14 April, 2009

Ethics and the Public Historian

I just finished reading an article titled "The Historian's Responsibility in Litigation Support" by Craig E. Colten*. I chose this article as one of my readings for my ethics paper because it is a different perspective on the ethical role of an historian since most don't get into the profession to consult on court cases. While he uses a few of the cases he has consulted on as examples of what to do and not do, Colten primarily discusses the ethical responsibility of the historian in and out of a court room. He emphasizes that there are two sets of ethical standards to follow when in litigation: that of the historian and that of the law.

Some of my thoughts on the article:

Historians should strive to be bi-partisan - that is, not biased.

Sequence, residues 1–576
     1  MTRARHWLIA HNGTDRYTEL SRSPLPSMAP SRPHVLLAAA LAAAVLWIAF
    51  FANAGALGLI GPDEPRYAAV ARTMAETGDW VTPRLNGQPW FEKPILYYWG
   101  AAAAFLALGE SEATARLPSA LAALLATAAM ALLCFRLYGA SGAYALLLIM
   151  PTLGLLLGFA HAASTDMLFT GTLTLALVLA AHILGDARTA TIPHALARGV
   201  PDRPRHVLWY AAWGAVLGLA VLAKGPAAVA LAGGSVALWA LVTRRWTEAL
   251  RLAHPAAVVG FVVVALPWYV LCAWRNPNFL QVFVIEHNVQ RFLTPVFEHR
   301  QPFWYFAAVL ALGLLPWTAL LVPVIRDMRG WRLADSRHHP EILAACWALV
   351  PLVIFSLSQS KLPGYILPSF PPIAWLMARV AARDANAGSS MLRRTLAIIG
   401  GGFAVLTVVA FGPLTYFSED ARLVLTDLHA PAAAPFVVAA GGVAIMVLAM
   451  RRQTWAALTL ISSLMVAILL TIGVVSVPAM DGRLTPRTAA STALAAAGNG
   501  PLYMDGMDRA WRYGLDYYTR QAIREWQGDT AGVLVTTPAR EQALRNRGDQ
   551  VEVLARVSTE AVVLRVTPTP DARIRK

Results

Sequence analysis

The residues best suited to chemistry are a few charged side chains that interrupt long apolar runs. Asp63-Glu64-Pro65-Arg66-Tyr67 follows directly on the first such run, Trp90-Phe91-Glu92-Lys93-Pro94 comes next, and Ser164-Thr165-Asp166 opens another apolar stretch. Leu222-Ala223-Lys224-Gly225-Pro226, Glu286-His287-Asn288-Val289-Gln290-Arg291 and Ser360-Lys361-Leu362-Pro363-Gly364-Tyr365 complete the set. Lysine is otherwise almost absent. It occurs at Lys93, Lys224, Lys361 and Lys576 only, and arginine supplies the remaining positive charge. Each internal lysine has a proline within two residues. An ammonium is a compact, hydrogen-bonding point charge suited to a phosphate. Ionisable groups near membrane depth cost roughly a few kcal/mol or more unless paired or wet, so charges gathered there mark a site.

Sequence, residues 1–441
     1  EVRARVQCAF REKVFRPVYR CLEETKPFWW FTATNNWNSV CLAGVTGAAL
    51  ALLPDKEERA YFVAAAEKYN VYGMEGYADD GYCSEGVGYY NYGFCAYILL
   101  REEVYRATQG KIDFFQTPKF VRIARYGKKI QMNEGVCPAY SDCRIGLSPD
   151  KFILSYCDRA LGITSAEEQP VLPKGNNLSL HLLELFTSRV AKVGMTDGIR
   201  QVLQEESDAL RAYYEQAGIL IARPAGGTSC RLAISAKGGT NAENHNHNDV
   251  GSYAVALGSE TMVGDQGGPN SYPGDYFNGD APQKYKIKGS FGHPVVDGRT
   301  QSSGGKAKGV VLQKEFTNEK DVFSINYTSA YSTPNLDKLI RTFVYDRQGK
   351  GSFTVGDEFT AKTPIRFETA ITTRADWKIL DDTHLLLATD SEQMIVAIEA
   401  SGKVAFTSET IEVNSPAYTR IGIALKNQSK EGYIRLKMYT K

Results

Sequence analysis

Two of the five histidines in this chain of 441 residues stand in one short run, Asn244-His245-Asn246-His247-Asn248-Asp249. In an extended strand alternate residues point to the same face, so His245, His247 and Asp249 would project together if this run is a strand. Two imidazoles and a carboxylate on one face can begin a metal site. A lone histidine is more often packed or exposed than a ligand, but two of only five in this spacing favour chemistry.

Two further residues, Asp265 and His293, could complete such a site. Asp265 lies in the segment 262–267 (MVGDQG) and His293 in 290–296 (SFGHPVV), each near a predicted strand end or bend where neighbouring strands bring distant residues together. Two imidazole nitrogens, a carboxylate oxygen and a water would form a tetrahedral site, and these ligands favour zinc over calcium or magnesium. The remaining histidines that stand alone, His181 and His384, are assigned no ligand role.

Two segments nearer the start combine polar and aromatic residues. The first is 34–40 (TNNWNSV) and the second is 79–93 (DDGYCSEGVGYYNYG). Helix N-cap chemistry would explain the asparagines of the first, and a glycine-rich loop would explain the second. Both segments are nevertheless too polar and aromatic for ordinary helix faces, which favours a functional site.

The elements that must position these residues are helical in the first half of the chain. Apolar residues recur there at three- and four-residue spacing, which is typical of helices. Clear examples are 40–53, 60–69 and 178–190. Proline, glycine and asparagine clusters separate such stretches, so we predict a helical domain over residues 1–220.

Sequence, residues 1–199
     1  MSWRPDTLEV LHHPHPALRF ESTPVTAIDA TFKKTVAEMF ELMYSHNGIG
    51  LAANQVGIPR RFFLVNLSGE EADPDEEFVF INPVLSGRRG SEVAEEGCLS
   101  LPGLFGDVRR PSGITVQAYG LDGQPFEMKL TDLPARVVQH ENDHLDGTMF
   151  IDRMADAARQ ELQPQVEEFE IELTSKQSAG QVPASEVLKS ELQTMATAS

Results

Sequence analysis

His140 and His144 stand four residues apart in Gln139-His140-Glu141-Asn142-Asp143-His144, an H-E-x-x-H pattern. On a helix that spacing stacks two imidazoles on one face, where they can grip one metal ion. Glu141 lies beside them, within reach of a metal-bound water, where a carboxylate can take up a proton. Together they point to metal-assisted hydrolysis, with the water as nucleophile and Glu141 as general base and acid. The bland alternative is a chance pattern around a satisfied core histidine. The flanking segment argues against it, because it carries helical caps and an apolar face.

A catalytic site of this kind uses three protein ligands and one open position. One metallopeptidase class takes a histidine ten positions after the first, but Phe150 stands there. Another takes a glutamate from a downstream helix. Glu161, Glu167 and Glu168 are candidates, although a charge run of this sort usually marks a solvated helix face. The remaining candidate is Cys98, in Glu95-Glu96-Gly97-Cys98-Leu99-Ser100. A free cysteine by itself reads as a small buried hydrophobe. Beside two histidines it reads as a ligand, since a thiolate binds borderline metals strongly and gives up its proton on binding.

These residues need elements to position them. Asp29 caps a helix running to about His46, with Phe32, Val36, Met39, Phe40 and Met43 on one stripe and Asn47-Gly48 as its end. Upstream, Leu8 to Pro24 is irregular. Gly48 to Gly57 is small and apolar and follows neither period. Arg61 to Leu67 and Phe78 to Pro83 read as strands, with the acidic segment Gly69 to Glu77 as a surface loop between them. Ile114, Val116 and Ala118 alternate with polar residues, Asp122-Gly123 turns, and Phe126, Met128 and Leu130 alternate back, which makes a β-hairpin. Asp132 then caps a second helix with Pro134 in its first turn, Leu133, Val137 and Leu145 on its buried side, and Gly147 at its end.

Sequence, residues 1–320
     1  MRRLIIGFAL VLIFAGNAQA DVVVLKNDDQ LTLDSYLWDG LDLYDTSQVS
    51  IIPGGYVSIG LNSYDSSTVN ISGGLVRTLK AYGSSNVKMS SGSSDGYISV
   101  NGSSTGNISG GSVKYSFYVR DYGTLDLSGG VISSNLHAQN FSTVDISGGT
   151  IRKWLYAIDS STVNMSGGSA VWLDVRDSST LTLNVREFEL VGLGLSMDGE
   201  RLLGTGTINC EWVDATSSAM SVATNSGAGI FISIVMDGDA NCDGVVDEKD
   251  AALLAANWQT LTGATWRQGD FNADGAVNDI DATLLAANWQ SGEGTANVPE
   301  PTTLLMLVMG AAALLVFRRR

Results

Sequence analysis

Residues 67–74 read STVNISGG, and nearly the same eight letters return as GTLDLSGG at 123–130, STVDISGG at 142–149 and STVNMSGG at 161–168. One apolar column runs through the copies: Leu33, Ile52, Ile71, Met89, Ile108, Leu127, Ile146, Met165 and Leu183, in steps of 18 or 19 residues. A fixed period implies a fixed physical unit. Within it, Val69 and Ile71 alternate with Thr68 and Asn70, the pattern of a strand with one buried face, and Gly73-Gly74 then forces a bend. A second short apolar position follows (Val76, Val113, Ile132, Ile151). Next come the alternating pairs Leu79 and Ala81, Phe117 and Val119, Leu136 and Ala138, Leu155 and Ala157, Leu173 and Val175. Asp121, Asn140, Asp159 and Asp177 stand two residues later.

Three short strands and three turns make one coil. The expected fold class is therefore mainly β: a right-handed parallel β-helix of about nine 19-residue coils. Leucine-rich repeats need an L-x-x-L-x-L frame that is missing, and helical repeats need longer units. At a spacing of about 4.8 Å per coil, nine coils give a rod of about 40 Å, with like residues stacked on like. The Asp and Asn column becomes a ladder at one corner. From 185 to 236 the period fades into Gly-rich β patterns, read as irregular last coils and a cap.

It is the historians responsibility to present all information in an unbiased fashion - and keep with the "prevailing wisdom". Try to keep an equal balance.
Historians need to be CREDIBLE and FOLLOW the evidence.
Historians are responsible for sharing their findings with their peers. This can be done through publication, scholarly journals, and conferences.
KNOW the difference between sealed documents and public domain documents.

Colten also compares the historian and non-historian where litigation is concerned. He says that the historian tries to keep his testimony broad where the non-historian's tends to be narrow and personalized.
*Article taken from The Public Historian, Vol. 28, No. 1, pp. 111-115 (Winter 2006).

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